Many of my colleagues are pretty knackered after a hard day’s work and just want an easy option that doesn’t involve walking too far. The best bet is to turn left out of the hotel and walk down to the end of Calle Castilla where there is a clutch of tapas bars on the corner with Calle Callao. Casa Cuesta is a good option here. They’ve been at this location since 1880 but they’ve had a refit fairly recently so it’s looks quite new. The high ceilings don’t give me the cosy feeling that I like in my tapas bars so I don’t come much. I only went the last time because they had TV screens inside and out so I could watch the football. The food was fine as I recall but the service to the terrace could have been better.
Las Golondrinas I (Intermediate B), 26 Calle Antillano Campos, www.facebook.com/barlasgolondrinastriana
A well-known and quite atmospheric tapas bar around the corner from Casa Cuesta. It’s the sister bar of Las Golondrinas II above. You can stand in the busy bar or sit upstairs in the folksy seating area. They famous for their Punta de Solomillo which was okay (B). A local blogger really rates their Champinones, grilled mushrooms with alioli, but they don’t do much for me (C). Everything else I had was fine though (B). I hear the raw radishes with olive oil and salt are a good option if you like that kind of thing. Also the carrots in cumin.
Casa Manolo (High Elementary B), 16 Calle San Jorge, open Sunday
This old school cerveceria is near the two bars above, on the side of the market. There is much better quality to be found nearby (the above and see also La Comodilla) but it’s fine for a snack and tapa, and it’s much cheaper than the others. It’s all pretty basic but I quite like the spartan 50s vibe and the style of the gruff, grumpy-faced old guy with the big tache who looks like he should be a cowboy. I sometimes stop in for a night cap while watching the footie. The croquetas and albondigas are fine as I recall (B-).
Cerveceria Arroceria Loli (Elementary B), Unit 24-25, Mercado de Triana, www.mercadodetrianasevilla.com
One of several nice looking spots inside Triana market (not open evenings). They specialise in seafood and rice dishes. After doing my take home shopping I had their Arroz del Dia (a seafood paella I think) which was nice (B) and a couple of beers, all for €12. Friendly considerate service.
Kiosco de las Flores (Intermediate B), 74 Calle Betis, www.kioscodelasflores.com, closed Sunday eve and Monday, usually open from 1pm to 11.30pm.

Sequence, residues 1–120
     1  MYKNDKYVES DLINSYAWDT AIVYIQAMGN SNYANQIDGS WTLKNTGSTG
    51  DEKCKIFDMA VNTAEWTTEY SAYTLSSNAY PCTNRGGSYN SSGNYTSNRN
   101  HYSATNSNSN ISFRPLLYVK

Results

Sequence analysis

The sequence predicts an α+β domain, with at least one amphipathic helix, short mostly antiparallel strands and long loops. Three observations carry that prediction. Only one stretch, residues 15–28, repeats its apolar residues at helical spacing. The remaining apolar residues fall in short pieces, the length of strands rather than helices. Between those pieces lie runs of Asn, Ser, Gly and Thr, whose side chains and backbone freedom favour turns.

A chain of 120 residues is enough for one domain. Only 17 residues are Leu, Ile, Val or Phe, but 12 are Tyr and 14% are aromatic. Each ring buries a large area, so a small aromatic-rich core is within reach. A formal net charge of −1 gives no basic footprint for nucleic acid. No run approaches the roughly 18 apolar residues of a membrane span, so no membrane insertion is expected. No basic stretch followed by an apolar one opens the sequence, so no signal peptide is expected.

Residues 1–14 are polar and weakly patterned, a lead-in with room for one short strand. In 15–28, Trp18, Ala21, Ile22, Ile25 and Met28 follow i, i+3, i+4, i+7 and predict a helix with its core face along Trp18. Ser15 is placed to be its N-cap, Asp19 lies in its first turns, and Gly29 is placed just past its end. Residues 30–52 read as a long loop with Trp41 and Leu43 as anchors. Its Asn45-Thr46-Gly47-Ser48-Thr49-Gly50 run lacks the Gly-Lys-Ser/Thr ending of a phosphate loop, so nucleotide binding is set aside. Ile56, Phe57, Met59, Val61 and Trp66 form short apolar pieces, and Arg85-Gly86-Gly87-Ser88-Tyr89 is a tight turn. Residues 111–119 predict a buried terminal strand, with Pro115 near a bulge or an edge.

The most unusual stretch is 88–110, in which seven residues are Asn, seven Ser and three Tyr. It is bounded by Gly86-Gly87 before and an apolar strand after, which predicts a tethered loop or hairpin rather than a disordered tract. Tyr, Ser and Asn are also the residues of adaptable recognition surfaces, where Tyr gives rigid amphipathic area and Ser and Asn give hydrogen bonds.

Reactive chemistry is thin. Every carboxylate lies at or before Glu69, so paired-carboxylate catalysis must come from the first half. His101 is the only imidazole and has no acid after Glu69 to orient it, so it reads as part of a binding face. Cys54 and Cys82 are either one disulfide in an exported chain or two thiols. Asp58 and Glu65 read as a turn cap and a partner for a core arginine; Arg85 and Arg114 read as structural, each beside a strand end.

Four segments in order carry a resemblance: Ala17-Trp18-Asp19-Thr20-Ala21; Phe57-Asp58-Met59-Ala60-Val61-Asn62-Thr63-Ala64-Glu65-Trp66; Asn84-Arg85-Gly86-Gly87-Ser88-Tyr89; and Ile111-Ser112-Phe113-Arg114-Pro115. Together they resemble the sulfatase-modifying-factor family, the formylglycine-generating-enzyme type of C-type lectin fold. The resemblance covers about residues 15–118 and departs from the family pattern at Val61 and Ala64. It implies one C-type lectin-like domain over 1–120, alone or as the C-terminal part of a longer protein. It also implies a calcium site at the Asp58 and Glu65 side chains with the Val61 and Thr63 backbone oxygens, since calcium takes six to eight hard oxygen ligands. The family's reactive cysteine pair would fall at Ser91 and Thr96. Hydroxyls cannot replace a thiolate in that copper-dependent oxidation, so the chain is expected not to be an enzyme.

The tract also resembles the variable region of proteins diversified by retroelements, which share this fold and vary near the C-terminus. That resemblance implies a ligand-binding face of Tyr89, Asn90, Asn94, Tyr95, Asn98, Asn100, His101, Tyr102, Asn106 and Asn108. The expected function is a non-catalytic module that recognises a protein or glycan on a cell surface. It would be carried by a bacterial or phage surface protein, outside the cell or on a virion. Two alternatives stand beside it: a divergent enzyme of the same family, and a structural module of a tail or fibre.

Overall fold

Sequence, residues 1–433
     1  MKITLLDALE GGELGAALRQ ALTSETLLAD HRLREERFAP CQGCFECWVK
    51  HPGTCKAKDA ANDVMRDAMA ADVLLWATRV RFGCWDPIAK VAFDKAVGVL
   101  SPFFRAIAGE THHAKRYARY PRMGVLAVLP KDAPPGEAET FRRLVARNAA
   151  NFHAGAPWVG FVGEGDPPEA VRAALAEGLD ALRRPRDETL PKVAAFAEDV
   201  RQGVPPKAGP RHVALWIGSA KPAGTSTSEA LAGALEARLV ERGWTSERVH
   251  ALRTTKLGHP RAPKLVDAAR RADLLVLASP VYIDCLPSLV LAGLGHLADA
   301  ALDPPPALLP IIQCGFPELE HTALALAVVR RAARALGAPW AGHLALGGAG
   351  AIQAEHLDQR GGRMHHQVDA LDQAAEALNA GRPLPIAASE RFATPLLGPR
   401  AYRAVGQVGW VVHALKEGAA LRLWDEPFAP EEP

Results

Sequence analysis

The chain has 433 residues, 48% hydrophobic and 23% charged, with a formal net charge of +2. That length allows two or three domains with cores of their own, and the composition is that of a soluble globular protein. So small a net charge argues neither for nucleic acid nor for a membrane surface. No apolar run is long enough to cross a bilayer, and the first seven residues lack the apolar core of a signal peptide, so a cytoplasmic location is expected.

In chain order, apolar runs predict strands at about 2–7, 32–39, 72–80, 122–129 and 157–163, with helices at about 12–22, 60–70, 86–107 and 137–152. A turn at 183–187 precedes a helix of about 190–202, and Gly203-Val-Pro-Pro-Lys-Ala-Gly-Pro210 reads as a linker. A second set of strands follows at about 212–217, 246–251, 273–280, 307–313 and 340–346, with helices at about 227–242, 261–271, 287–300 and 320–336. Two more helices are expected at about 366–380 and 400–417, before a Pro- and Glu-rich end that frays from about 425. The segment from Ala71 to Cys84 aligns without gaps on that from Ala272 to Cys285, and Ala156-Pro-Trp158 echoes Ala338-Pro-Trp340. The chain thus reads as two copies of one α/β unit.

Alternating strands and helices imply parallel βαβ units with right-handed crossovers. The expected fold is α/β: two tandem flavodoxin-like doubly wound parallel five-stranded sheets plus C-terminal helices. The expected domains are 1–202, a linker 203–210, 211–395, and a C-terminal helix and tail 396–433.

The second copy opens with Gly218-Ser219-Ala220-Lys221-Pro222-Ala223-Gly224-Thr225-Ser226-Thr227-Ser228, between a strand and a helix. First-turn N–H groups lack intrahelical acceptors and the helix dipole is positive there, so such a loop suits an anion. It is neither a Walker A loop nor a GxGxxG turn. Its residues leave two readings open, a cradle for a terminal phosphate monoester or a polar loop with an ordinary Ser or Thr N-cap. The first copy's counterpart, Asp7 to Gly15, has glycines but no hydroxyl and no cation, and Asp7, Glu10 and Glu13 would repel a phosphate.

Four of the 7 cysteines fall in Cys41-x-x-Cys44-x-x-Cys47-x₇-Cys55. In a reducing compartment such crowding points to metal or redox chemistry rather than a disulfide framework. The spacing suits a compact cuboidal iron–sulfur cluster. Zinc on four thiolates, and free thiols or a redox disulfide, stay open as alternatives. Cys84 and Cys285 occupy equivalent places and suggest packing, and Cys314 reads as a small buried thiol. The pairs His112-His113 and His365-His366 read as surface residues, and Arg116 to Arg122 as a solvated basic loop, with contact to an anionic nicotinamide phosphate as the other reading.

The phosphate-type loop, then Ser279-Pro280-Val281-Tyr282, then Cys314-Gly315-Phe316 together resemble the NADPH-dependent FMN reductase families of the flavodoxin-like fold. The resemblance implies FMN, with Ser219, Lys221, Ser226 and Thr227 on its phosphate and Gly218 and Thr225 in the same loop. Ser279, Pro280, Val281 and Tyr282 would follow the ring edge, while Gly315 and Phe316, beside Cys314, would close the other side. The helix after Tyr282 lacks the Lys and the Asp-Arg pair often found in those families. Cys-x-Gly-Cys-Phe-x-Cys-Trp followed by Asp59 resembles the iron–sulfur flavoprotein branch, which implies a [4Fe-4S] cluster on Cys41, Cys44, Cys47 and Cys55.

Established elsewhere in 1930, this is the best place in Triana to try one of Seville’s most famous dishes; Pescaito Frito. I came for some patriotic fish ‘n’ chips before watching England play Colombia in the 2018 World Cup in a pub over the road (see below). It would have been nice to try the Pescaito Frito but it only comes as a portion for two for €36. Instead I had the Tacos de Bacalao Frito (B+) and the Patatas Fritas (B) which came to €25.50 with a couple of large beers. As well as several kinds of fried and grilled fish, they also have do grilled meats and egg dishes. The new riverside location can probably sit over a hundred people outside next to the river. Very popular at the weekends.
Phoenix Pub (Intermediate C), 3 Plaza De Cuba, www.facebook.com/PhoenixPubSeville
I came to this English style pub thinking that it would be a good place to watch England vs Colombia. Big mistake as it turned out to be the place all the Colombia fans came to watch the match! The atmosphere wasn’t helped by the fact it was a gritty, bad tempered game that England eventually won 2-1 on penalties. We all shook hands at the end though and I’m sure on other nights this is an okay place for a drink, not that I usually feel the need to go to an English pub in Spain.
Bar Santa Ana (ElementaryB), 82 Calle Pureza
Personally I’d rather drink at this place around the corner. It’s a slightly rough looking but actually very friendly neighbourhood bar with lots of seating outside. When they heard I was an England fan they gave me a free brandy to celebrate our victory. Now that’s hospitality! I’ll be back to try the tapas which are supposed to be good.
Mariatrifulca (High Intermediate B?), Puente de Triana, Plaza del Altozano, www.mariatrifulca.com
This restaurant is a more refined place to spend a warm evening. The top floor terrace has a stunning view up and down the river and you can also sit outside downstairs. You definitely need to reserve to get the best table though so maybe scout ahead if you want to impress someone. I’ve not tried the food but have stopped in for a nightcap.
Some more places to eat over the river next…